“Landscape is history in slow motion”
The introduction to the new edition of the wonderful Atlas of the Rural Irish Landscape coins a nice epigram, ”Landscape is history in slow motion”, which neatly sums up the constant circle of interaction between physical environment, geography, and the human activities that depend on it, overlay it, change it, and are changed by it. The most important point is that these processes are slow, almost imperceptible. Shifts in climate and terrain, geological constraints such as rivers or mountains, the slow drift of wealth in agriculture and architecture, all channel the evolution of societies, but over deep time, rather than individual lives.
Take an outline map of Ireland. It is almost impossible not to see Irish history as a natural outcome of the shape of the island. The West coast is fractured and ragged, shattered into inlets and cliffs by war between the Atlantic and the mountains. The East coast is unindented, facing the relative calm of the Irish Sea. The contrasts flow naturally: West versus East; rough versus smooth; natural versus artificial; wild versus calm; margin versus centre. History certainly provides some basis for these oppositions – the poorest areas along the Atlantic coast seem to have been settled later than the South and East. They are certainly the least well-documented. All the major population and trade centres have evolved in the East, making Ireland extraordinarily lopsided. But extending that series of contrasts shows just how tainted such a reading of geography can become. Poor versus rich? Irish versus English? Savage versus civilised?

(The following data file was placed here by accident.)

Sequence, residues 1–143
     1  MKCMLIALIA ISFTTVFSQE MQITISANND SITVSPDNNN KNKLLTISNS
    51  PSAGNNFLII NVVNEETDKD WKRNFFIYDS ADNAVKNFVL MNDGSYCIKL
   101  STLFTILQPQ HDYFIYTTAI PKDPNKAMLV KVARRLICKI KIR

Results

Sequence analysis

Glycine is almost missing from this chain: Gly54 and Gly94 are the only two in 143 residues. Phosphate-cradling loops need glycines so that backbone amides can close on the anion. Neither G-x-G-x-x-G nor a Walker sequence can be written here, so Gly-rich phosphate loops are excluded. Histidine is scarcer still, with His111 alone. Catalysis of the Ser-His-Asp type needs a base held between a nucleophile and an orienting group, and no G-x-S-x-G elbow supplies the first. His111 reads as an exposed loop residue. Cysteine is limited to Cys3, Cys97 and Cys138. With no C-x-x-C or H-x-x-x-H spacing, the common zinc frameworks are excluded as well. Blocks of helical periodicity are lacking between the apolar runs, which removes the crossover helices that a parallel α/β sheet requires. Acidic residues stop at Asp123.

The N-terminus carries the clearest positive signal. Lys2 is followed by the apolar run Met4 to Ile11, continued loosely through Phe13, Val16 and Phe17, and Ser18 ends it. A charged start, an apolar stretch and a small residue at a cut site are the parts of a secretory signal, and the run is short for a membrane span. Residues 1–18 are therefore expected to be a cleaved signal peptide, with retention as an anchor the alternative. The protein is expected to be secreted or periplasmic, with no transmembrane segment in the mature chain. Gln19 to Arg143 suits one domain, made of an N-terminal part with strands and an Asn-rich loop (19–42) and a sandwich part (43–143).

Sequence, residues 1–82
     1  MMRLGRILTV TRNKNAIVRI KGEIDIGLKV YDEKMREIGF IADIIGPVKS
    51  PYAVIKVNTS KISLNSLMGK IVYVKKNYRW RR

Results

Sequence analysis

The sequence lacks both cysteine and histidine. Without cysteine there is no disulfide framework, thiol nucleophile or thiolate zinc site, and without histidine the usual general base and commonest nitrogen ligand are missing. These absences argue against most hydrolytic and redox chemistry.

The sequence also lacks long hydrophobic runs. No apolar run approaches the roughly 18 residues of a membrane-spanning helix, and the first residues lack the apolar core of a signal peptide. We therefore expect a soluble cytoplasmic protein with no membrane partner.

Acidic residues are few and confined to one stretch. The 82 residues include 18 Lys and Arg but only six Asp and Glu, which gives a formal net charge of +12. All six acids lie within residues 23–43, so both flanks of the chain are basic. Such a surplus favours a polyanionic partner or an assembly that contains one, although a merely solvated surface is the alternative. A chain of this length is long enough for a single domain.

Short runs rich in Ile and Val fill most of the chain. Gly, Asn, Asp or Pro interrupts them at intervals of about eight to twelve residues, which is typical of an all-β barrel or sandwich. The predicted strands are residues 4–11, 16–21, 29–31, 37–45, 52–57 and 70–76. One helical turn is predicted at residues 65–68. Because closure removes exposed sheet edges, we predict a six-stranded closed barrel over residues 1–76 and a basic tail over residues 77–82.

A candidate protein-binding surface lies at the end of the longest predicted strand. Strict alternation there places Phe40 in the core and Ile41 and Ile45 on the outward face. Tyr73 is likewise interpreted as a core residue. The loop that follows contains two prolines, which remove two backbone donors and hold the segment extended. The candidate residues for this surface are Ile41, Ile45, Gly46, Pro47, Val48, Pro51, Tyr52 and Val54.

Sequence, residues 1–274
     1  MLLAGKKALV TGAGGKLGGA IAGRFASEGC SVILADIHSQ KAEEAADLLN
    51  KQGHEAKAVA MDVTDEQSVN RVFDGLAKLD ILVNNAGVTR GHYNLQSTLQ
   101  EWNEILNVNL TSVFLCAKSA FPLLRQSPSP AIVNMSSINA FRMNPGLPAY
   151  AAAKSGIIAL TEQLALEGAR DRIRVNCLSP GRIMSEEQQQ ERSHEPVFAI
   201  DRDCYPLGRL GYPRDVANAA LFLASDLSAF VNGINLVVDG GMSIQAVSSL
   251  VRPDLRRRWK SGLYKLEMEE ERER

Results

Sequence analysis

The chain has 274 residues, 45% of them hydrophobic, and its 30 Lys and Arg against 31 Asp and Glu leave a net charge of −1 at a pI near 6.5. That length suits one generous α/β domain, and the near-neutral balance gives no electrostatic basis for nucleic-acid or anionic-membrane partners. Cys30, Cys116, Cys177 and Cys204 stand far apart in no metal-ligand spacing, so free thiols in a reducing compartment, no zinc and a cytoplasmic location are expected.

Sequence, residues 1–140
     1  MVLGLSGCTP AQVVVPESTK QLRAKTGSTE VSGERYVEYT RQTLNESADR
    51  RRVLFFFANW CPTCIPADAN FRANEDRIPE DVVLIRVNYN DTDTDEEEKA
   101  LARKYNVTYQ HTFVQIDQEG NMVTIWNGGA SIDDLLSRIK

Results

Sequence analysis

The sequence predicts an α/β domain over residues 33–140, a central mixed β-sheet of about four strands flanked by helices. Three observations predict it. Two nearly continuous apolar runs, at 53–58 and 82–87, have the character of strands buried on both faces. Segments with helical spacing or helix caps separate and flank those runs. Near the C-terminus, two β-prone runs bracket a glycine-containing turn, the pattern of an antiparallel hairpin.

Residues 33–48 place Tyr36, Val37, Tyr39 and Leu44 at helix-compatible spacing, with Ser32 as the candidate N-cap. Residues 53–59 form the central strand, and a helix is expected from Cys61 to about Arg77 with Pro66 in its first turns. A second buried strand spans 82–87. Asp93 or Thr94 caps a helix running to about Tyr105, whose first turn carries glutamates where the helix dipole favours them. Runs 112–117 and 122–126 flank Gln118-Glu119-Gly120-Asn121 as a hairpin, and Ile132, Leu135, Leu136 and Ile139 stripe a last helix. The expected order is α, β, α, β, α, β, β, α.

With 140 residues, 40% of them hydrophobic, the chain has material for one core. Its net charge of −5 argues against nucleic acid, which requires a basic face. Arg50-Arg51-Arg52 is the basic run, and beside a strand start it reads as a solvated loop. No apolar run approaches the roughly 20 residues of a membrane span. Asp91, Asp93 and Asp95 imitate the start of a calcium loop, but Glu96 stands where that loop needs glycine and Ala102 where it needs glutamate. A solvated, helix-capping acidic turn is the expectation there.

Such a notion of history as the “natural” outcome of geography is acutely political, an unanswerable argument for an inevitable status quo. What the Atlas shows again and again is just how false this notion is, by disentangling the countless human choices that have accumulated in our landscapes, century after century, millennium after millennium.